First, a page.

In this year's dismal race for the presidency of the United States, supporters of Republican nominee Donald Trump have been portrayed as violent, bigoted, ignorant thugs. While he does seem to poll very well with that demographic, that makes my roadside observation all the more thought provoking.
You might expect a violent, bigoted, ignorant thug to drive in violent, bigoted, thuggish ways. But on my bike commute, where I am exposed to every passing vehicle, cars and trucks emblazoned with Trump stickers have been among the most careful and polite on the way by. That's not to say they have been the majority of the careful and polite, only that they have been notably so.
This fact does not shed any kinder light on the rhetoric and leadership potential of Trump, or the greater wisdom of his supporters. If I rode long enough on the right roads, I might well encounter some of the more violent and thuggish ones. But it does indicate that a significant number of the voters who have chosen The Donald in fact possess a level of human sensitivity that gets bleached out in the harsh stereotyping of political propaganda. Not only is this unfair to them, it also oversimplifies the issues any candidate -- and eventual leader -- needs to deal with. It turns diverse humanity into a homogenized lump, to love or loathe, to join or eradicate.
Beware the dehumanizers. Once you put all the bad stuff under a label and apply the label to a bunch of others, you can too easily develop a false sense of immunity to your own evil. You lose the ability to consider all the human psychology that leads to these concentrations of destructive tendencies.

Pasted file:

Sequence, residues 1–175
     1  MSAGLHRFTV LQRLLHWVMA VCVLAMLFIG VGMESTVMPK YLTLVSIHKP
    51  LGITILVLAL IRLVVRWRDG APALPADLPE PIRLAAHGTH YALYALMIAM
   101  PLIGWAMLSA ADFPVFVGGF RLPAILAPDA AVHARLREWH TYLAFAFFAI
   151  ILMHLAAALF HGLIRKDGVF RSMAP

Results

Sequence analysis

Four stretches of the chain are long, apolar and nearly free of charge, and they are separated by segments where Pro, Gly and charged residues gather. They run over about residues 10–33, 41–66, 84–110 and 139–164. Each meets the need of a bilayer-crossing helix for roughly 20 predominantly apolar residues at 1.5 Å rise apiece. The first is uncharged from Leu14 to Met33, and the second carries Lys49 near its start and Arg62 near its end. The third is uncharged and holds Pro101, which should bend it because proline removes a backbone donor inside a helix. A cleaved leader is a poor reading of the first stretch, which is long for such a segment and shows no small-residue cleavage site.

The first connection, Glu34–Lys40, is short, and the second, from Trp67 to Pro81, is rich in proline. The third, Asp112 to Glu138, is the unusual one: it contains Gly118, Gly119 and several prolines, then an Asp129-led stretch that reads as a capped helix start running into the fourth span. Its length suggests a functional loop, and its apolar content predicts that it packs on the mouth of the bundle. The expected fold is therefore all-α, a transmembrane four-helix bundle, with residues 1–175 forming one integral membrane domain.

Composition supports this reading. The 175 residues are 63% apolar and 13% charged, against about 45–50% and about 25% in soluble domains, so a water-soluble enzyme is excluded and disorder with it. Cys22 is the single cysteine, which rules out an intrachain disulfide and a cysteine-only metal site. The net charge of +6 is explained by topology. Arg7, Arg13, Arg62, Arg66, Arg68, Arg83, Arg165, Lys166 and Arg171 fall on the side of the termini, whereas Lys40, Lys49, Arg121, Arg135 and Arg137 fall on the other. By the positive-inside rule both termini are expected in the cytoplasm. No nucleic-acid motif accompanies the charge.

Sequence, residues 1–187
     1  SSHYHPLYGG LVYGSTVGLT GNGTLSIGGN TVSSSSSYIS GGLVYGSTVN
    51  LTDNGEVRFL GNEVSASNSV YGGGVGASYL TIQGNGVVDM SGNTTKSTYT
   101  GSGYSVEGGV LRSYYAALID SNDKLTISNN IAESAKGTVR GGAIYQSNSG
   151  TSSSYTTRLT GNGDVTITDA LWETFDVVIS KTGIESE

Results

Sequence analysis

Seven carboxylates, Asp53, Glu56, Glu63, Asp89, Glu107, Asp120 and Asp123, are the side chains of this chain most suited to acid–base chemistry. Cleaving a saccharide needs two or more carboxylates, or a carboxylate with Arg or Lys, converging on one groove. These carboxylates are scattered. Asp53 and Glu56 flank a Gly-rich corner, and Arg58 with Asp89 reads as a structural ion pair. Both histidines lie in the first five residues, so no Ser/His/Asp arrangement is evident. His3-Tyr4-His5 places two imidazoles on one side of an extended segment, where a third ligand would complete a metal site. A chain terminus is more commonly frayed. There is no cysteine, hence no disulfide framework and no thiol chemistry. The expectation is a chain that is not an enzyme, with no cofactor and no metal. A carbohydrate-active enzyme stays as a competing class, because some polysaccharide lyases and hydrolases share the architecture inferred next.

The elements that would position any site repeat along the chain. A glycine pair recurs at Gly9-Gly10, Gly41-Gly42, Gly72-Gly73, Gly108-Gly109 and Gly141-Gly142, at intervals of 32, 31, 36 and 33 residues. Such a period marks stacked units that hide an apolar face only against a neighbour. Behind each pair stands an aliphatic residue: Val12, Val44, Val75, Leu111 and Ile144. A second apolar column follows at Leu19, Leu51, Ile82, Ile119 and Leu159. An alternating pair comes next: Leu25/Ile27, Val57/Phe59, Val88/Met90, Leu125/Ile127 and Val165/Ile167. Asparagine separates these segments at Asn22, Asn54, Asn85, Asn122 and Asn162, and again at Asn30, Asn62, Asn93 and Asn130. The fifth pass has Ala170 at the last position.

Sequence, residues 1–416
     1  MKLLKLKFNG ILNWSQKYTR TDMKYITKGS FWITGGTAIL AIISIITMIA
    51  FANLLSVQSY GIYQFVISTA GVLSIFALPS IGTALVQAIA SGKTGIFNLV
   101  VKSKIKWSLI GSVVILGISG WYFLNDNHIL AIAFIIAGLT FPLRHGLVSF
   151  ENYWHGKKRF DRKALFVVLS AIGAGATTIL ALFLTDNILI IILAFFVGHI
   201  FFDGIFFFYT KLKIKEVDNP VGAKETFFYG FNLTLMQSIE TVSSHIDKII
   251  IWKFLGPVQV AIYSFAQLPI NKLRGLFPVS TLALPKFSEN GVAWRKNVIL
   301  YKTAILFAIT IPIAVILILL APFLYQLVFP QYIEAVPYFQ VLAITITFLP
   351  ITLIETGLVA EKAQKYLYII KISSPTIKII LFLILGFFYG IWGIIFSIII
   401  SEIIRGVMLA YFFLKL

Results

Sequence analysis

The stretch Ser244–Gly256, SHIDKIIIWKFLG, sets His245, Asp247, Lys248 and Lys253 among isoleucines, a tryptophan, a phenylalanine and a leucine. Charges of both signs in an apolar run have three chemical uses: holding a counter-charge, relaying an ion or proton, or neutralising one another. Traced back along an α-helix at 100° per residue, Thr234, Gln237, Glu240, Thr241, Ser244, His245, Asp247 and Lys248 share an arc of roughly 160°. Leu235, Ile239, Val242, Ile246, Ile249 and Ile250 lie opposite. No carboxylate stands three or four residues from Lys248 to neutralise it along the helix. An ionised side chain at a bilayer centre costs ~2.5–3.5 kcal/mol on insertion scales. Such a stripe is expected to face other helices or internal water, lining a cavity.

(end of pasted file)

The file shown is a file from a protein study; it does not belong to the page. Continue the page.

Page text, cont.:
Starting well before the Trump phenomenon, I have noticed exemplary passing behavior from people whose bumper stickers make me despair for the future of the human species. The stickers still make me despair for the future of the human species, because they reflect beliefs that are going to tear civilization apart, but in the meantime the people themselves seem strangely kind.
I don't know what I look like to a motorist. Maybe I'm so obviously a white guy that the bigots figure they'll cut me a break, even though I am clotting up the motorway with my bicycle.
Nearly everyone thinks they're doing the right thing. Maybe some of the more egregious sleazeballs know on a deeper level that they are fooling themselves, but at least they go to the trouble of rationalizing their behavior on a conscious level. The leaders who send their minions to do hideous, hopeless things tell their followers that it serves a greater good. The greater good of an evil cause is still evil, but below the leadership level it can be hard to sort out the level of zealotry in the ranks. The leaders might well be cynical manipulators, using their followers like toilet paper. The toilet paper stays neatly rolled in uniform squares, loyally waiting to be pulled off and expended.
The fact that Trump can appeal to people who are not violent, bigoted, ignorant thugs could help to propel the violent, bigoted, ignorant thugs to publicly visible levels of power, rather than functioning as the dark and deadly undercurrent they've been up to this point. More likely, they will be turned back at the election, and subside into the jagged landscape scarred by philosophical fault lines, to be forgotten until they snap. The fact that they are so numerous today proves that you cannot force people to evolve by mandating certain behaviors. You can stigmatize the behavior so that a wise bigot tries to blend in just to get by. Over time -- a very long time -- the quality of alienation may fade. But humans have many centuries invested in our differences, and really only decades in pursuit of something more inclusive.